I had an impressive collection of local organic carrots in my refrigerator that I wanted to use (compliments of Boston Organics, of course), and I remembered that one of my first positive soup memories was the result of a special lunch with my mother at The Coach Grill when the soup du jour was carrot dill. I was convinced I wouldn't like it, but I was pleasantly surprised - it was creamy, smooth, and delicious.
I found a recipe online by a woman who calls herself the Cowgirl Chef. The picture was beautiful and the ingredients were simple, not to mention the fact that I had them all in my kitchen already. I also wanted a recipe that could be eaten hot or cold, considering that Boston was in the midst of a suffocatingly humid heat wave.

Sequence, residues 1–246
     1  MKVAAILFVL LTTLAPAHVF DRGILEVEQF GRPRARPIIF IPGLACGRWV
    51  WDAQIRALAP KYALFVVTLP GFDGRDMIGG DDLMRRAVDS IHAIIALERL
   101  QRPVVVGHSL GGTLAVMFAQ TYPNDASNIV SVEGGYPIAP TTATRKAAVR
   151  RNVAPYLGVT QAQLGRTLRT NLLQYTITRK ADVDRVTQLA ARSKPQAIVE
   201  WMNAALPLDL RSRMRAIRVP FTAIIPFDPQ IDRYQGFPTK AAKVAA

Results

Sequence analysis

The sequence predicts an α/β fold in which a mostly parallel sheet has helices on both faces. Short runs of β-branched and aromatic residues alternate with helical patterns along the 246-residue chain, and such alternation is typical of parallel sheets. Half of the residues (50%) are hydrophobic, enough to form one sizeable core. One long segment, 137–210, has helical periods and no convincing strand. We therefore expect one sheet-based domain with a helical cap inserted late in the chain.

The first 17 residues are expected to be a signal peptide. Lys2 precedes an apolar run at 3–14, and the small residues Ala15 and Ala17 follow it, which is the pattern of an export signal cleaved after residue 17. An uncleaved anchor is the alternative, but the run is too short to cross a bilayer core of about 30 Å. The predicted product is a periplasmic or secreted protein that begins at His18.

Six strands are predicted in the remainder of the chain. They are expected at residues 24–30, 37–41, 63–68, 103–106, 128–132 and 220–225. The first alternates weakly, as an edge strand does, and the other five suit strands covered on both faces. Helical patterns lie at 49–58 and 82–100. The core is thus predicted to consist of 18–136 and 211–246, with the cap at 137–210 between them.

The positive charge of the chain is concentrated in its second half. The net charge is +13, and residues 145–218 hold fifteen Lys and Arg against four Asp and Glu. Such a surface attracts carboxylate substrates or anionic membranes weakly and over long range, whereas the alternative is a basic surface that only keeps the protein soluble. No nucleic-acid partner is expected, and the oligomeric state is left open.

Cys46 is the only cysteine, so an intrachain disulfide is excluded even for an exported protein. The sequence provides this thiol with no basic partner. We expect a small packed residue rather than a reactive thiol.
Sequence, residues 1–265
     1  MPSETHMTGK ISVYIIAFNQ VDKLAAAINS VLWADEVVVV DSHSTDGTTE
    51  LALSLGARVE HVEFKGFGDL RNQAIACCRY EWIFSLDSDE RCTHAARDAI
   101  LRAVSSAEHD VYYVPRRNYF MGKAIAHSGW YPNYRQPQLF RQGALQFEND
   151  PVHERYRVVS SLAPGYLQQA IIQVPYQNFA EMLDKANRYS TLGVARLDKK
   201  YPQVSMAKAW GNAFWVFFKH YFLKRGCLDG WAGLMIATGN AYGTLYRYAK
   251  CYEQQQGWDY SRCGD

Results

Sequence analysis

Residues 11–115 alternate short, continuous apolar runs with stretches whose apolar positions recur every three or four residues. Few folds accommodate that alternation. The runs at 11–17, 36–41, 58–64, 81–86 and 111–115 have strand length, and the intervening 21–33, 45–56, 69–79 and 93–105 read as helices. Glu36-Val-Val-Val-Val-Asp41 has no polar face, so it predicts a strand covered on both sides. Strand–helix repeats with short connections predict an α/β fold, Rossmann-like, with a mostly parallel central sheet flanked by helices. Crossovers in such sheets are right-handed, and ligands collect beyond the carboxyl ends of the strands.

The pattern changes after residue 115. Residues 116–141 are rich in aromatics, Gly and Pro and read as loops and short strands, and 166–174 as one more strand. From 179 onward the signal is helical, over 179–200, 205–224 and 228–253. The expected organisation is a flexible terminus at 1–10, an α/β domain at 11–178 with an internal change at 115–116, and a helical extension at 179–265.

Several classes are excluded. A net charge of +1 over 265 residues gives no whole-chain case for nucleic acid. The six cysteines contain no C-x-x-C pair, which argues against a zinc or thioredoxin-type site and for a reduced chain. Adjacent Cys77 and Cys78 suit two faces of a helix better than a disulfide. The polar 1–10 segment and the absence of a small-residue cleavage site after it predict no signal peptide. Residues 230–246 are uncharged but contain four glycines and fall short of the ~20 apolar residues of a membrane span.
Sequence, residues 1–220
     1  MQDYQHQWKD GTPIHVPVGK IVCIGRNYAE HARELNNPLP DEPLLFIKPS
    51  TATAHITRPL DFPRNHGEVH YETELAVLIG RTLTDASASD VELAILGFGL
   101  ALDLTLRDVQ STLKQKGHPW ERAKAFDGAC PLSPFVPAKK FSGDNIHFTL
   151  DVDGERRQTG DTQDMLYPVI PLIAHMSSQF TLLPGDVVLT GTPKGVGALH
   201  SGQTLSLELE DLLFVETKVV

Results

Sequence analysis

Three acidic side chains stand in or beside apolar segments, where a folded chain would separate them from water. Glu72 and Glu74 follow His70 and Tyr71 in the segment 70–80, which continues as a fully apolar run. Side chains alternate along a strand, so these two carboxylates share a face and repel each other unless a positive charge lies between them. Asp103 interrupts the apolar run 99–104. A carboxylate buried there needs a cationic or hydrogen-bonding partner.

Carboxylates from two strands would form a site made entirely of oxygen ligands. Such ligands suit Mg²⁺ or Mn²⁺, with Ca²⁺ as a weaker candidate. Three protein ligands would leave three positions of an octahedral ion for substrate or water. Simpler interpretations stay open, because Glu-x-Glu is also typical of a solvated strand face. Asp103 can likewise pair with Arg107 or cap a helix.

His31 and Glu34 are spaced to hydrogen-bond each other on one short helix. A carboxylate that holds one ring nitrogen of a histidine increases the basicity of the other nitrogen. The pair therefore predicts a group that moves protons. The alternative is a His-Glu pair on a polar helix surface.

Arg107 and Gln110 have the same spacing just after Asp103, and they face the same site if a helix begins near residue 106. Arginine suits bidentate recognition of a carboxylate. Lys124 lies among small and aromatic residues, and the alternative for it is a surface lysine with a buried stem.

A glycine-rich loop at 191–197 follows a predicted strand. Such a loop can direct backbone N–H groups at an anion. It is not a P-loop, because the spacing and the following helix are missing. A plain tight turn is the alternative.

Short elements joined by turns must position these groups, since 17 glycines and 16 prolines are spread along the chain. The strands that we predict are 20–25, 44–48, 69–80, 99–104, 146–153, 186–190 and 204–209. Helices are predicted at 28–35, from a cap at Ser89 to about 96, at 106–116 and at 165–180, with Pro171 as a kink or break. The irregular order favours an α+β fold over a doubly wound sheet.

I hesitated when the recipe called for water as the main liquid, as opposed to something with more flavor like vegetable stock. Also, it seemed like a little much to add enough so that the carrots would be submerged by a couple of inches. However, since I seem to have such poor soup instincts, I decided to follow each step to the letter ... and what I ended up with was watery, tasteless soup. I tried adding salt, pepper, a tablespoon of honey, and even the juice of one orange, but nothing seemed to make much of a difference. I kept the soup at a simmer thinking that reducing it couldn't hurt, and I turned to a discussion board I frequent and asked the resident chefs what they would suggest for improvement. I received many helpful suggestions, the best of which (I thought) was to throw in a boullion cube. Genius! Another suggested adding curry, since it would enhance the flavor and work well with the already-present cumin. I added both and reduced the soup for about 45 minutes. The results were fantastic. I had FINALLY made a paletable soup.